As viewers approach the site of Mack’s installation, the first piece they likely encounter (or are drawn to) is Seat Pleasant (2019), a dye-textile work that coheres the site’s visual field and asserts its presence from any of the hall’s four corner entrances. Mack assembled the work by pinning large sheets of fabulously dyed cotton to two perpendicularly hung, intersecting ropes that span across the entire space. As the exhibition title suggests, the viewer is encouraged, tempted even, to walk beside the hung textiles, guided around the room by the shifting vectors of the suspended ropes. As the viewer walks-across-the-room, in between and around these textiles, she becomes increasingly aware of the positioning of her body, and the directionality of her movement, in relation to time and space. Perceptual qualities of physical space, such as distance, are thoroughly engaged, as the textiles articulate the spatial intervals that connect the Great Hall’s corners; the work “forces a perspectival reading of the space” as Serra would say. Seat Pleasant thus intervenes in the museum’s classical architecture by cutting up the site’s space and altering how bodies experience and move through that space. The work’s emphatic phenomenological delivery as well as its partial embodiment of what Krauss would call an “axiomatic structure” (between architecture and not-architecture) recalls the early works of Richard Serra, in particular Strike (1969-71) and Circuit (1972). Remarking on these early works, Serra states “[Circuit] opened up the possibility of entering into a space and making the space the sculpture, so that when you enter the room, you become a part of the work … [Strike] opens the space and fans out into the field as you walk it. It declares the entire room as its content”(italics mine).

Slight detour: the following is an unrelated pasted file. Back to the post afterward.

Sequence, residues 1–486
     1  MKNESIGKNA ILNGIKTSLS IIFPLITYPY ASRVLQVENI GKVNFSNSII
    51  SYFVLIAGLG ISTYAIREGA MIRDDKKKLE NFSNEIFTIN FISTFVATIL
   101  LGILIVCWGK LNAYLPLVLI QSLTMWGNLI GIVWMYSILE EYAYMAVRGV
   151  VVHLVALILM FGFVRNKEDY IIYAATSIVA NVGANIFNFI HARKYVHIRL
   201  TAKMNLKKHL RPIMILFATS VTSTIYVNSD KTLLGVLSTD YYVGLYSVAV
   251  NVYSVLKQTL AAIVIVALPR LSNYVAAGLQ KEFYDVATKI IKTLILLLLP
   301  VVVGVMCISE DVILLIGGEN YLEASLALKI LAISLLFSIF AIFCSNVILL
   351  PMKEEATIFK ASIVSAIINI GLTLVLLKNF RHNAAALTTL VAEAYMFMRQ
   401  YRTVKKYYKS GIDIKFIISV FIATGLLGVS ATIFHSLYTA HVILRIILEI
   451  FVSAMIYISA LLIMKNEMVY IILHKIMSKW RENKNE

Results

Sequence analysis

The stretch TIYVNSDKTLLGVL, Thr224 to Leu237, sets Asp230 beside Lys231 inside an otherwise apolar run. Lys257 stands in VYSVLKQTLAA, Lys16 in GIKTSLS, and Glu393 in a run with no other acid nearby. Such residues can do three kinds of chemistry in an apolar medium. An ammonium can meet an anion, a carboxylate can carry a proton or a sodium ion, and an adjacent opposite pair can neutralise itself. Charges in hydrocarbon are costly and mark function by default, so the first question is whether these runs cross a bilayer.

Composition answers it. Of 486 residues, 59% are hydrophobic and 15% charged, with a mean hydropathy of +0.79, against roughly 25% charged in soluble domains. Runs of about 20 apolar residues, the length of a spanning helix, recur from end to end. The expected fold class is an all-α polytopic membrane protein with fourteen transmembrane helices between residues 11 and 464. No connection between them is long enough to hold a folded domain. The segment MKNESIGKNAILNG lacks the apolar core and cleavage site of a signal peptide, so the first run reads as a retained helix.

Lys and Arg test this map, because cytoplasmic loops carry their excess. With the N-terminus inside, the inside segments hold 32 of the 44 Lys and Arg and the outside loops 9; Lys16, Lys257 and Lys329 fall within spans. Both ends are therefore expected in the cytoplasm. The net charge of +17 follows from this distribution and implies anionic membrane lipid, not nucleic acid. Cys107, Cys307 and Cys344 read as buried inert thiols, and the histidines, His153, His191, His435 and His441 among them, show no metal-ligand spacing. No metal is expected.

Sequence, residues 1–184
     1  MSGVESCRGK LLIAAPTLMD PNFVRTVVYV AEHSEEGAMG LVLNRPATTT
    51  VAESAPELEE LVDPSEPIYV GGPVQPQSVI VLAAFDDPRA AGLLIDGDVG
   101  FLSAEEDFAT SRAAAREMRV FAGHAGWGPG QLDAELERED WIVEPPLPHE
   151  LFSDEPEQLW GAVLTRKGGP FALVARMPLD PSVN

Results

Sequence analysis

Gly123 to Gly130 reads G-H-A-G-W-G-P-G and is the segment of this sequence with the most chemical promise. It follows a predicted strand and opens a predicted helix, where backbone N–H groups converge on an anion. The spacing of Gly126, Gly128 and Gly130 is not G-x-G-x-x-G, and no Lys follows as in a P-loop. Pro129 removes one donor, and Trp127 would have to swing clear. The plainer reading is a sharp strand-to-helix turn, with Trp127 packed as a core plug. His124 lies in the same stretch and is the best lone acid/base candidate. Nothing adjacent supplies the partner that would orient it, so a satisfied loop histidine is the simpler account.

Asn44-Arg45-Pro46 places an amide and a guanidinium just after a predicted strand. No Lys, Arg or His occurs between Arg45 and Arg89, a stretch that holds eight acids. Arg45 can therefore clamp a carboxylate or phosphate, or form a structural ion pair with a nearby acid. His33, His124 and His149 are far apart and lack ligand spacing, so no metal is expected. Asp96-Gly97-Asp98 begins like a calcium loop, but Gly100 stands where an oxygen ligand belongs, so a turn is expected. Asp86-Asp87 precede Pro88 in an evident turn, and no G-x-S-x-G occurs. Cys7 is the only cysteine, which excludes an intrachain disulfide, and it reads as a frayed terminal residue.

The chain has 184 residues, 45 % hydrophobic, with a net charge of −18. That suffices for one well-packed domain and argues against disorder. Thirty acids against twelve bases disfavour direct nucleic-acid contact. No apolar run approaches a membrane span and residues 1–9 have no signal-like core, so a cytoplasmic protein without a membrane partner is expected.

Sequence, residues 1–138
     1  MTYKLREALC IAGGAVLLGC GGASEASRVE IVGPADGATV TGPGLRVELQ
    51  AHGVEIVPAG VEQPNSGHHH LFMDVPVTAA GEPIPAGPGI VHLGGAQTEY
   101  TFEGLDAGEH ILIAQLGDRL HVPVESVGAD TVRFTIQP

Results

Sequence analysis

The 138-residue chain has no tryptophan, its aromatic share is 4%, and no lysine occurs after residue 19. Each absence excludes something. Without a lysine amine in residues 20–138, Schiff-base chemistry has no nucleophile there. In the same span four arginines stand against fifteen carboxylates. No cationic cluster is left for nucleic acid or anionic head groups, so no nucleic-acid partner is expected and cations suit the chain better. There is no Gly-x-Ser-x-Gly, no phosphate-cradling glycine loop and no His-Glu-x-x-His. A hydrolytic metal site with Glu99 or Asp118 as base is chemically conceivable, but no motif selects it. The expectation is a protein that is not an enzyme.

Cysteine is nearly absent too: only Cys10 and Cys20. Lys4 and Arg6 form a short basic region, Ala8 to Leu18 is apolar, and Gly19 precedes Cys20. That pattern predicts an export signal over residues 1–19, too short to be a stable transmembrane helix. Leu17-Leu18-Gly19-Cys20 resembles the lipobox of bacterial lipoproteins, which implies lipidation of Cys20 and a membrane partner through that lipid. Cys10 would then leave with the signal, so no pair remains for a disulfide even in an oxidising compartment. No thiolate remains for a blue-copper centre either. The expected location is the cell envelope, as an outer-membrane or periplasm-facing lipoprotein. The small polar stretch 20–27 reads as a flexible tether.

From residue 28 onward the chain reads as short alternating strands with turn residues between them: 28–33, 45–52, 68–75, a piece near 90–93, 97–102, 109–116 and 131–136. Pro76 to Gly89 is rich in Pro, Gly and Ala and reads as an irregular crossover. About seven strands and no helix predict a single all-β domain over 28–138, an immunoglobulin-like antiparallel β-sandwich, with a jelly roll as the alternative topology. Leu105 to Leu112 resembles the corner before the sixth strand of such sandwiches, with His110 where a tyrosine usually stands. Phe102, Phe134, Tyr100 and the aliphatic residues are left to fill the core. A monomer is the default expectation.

However, unlike Serra’s use of industrial steel plates, Mack’s work plays on the light materiality of cotton. Echoing the vibrantly coloured, hung canvases of Sam Gilliam, Mack takes the canvas off the stretcher and extends it into space, thus merging the sculptural and the architectural with the painterly. The artist’s hand-dye technique, which gives rise to elongated, flat patches of orange, green, pink and blue bears a formal resemblance to the style of abstraction popularised by the Colour Field painters, many of whom, like Gilliam, came from Washington D.C., where Mack was born and raised. The bright, playful and grid-like blotches of colour laid on the fabrics create a variegated visual filter for viewers that look through the fabric and also bring to mind check patterns that one often associates with quilts or clothing, such as gingham or plaid. This not-so-subtle symbolic allusion to fashion and homely craft ties back to Mack’s fundamental concern with the relationship between the work and the viewer’s body. In other words, not only is the viewer sensitised to his or her bodily spatio-temporal orientation; the viewer also engages with the work as intimate, affective material – as fabric that can wrap around and give warmth to his or her body. For me, Mack’s immersive work triggered sensations I felt as a child being confronted with the voluminous presence of my parents’ king-size bed sheets drying on the washing line in our Lagos backyard; the short-sleeve Cuban collar shirts, dyed with bright splashes of red, yellow and green, which also hang on the suspended ropes alongside the large textiles, further punctuate the work’s probing of the private and public symbols that one often places on seemingly quotidian pieces of clothing and fabric.